Constable Vinay Dandgawal (40) looked calm and focussed as he and others from Azad Maidan Police’s detection staff tried to solve a theft at Pydhonie on Saturday evening. But his mind was far from peaceful.
A terrorist bullet had grazed Dandgawal’s back at CST station on November 26. Blood was spurting out of the cut but he valiantly continued his duty till the next afternoon when the pain became unbearable.
His family was hysterical because they were watching the television news at their home in Ambarnath and couldn’t reach his cell phone.
“I am mentally disturbed since the attack. I was lucky but my friend constable Rajiv Khanderkar was killed at Cama Hospital,” he said. “My wife is insisting that I transfer to Nashik but that’s not what I want.”
Dandgawal is not the only policeman who is feeling traumatised since the terrorist attack that shook Mumbai. Jaslok Hospital’s Trauma Counselling Cell and a special helpline set up by two private companies on December 2 have been flooded with calls from police personnel, especially constables.
“Over eighty constables have called us over the last week,” said Jane Henry, psychiatric social worker with PPC Worldwide, an international employee assistance programme provider that worked with British Army soldiers in the Iraq war.
PPC worldwide has tied up with Healthcare Solution Service to provide the helpline service as part of their Corporate Social Responsibility. The companies also held a group counselling session for the Mumbai Police — over 200 police personnel attended it — on December 5 and 6.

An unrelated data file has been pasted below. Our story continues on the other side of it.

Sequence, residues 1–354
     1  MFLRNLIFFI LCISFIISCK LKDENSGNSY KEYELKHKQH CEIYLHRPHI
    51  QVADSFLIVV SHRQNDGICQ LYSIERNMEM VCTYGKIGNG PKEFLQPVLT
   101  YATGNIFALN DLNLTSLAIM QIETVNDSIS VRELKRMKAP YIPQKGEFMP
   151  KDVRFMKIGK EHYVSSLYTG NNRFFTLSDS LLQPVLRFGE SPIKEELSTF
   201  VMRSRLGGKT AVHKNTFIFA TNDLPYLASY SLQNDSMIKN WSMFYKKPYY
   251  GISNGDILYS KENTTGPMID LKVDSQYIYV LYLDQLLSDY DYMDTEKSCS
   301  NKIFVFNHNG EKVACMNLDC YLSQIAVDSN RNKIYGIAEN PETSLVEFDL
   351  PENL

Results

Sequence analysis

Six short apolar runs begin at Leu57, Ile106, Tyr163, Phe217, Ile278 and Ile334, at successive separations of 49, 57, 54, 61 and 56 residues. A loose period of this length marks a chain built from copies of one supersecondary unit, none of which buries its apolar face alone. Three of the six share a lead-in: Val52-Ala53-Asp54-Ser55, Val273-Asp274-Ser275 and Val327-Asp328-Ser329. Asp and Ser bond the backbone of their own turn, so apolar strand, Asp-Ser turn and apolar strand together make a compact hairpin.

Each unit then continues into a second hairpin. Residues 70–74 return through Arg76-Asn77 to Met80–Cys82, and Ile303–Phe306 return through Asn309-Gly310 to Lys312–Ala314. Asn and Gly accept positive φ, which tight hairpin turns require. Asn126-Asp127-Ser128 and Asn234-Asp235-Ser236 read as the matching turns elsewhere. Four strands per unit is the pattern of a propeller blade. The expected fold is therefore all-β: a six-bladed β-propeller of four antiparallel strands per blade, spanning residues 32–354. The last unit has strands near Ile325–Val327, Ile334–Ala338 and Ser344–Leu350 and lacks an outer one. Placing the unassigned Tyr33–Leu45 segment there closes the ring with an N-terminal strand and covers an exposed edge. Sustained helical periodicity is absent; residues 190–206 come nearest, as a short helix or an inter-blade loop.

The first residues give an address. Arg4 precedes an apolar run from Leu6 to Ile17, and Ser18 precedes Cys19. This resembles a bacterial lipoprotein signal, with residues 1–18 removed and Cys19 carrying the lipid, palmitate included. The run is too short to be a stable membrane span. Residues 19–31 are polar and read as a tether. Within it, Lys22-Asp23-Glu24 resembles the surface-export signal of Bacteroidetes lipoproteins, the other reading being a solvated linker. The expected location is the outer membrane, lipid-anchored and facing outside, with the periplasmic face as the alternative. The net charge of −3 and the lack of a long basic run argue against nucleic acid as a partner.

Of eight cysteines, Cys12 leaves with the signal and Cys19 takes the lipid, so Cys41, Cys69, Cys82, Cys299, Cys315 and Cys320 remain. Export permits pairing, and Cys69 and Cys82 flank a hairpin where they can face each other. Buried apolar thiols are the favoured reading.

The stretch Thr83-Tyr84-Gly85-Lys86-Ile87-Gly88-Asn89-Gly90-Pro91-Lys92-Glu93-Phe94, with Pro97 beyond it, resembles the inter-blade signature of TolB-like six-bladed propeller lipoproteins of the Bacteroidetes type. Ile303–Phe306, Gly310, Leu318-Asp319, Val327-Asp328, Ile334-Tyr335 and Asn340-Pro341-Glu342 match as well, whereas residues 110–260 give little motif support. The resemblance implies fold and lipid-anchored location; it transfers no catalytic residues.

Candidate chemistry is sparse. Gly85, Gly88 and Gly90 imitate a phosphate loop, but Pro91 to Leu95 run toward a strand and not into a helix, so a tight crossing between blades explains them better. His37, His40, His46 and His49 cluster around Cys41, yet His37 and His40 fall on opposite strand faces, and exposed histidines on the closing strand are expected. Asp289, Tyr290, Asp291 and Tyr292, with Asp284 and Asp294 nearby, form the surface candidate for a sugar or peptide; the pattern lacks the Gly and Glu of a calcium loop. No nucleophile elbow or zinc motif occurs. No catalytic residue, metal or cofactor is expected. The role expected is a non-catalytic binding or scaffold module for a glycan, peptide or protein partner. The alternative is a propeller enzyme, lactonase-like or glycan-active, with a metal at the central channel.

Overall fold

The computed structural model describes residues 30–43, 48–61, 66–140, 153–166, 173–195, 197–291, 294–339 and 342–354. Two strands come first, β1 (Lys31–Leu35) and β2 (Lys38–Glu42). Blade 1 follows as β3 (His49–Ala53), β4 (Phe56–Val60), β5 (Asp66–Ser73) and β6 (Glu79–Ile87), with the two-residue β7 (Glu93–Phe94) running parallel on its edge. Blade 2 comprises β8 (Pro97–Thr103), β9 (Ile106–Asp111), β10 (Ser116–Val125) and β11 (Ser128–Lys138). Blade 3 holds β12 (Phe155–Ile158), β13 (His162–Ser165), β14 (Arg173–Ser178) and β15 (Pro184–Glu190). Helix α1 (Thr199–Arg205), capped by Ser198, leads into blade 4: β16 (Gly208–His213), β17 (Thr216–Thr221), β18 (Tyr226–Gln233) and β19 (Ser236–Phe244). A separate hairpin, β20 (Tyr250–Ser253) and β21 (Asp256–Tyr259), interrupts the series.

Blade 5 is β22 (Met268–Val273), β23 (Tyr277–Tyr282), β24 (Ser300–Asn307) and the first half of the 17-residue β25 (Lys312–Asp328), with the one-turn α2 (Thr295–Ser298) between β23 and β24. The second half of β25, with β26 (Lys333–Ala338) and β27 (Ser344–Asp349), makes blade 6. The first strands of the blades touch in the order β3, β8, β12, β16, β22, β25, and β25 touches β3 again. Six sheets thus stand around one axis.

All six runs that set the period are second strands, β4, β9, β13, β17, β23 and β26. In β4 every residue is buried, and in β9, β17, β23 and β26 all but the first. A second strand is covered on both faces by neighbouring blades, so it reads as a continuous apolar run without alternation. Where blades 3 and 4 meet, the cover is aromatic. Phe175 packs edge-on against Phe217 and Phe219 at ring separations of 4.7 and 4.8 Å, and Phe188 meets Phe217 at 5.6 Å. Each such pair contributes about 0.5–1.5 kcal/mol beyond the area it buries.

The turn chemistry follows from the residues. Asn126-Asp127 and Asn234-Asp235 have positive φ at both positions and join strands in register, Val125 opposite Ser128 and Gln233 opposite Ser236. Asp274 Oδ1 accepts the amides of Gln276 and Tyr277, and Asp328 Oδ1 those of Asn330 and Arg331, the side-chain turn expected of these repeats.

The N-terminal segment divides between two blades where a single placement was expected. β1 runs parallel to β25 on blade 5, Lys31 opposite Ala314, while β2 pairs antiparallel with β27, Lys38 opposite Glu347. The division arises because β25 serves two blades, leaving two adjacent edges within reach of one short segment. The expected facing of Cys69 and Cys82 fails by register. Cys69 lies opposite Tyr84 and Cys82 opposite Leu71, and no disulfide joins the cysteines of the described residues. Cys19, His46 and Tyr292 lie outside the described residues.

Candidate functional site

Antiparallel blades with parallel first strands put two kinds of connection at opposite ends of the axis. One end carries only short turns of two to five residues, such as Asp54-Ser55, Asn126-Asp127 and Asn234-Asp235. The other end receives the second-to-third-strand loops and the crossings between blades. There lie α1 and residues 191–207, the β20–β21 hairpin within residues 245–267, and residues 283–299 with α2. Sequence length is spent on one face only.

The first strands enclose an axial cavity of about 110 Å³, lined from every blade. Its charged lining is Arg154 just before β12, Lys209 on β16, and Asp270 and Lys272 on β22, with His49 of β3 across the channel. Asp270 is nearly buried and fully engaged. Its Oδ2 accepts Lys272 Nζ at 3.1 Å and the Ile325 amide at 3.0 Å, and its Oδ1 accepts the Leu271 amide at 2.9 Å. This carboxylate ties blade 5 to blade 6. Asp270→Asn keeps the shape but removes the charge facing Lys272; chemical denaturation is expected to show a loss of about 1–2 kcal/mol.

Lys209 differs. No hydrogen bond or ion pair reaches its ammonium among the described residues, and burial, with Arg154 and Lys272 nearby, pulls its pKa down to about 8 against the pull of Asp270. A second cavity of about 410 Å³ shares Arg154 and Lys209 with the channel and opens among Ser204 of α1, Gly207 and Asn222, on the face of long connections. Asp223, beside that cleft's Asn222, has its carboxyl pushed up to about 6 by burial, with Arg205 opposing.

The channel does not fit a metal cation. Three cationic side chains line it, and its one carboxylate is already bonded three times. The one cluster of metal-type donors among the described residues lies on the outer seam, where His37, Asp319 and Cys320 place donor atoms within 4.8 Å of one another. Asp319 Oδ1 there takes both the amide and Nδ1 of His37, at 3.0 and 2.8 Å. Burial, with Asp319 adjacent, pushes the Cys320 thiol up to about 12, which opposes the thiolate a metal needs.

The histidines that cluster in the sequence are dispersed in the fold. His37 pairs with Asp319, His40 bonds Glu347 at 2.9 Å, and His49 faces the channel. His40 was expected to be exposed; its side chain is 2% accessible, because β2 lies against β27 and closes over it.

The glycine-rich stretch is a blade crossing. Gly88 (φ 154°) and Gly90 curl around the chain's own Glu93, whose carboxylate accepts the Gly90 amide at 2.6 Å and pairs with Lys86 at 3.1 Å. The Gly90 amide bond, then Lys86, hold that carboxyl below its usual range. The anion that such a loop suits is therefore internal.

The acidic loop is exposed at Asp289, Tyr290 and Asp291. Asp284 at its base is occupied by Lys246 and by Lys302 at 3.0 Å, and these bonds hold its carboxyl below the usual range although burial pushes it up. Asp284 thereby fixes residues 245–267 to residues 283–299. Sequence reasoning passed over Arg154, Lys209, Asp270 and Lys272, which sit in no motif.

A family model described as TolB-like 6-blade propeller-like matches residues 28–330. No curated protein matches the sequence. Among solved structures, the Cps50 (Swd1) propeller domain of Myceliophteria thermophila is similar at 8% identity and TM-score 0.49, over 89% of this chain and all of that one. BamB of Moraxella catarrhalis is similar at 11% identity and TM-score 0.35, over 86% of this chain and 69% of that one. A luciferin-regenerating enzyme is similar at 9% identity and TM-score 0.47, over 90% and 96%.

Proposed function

The reasons for the calls to helplines have been varied. While some police personnel were frustrated at not being well armed, some were hurt that the public was blaming them and others were reeling under family pressure to quit the police force.
Henry recounted the call from an angry, young constable who had gone to practice at the Mumbai police firing range. “He was so annoyed that the nothing had changed at the range after the terror attack. They were given single barrel guns which have to be reloaded after every shot,” said Henry.
Counsellors said many officials were also dealing with marital discord post 26/11. “I have got a few calls from constables who were having fights with their wives because they wanted them to quit the force," said Henry.
Dr Maya Kirpalani, who heads the trauma cell at Jaslok, counselled the wife of a police official, who is posted at a suburban station but was deployed to south Mumbai during the terror attack. “The policeman bought his wife to the hospital because she was constantly fretting that he would be killed,” she said, adding that she had asked the lady to distract herself by chatting with neighbours or cooking when she felt anxious.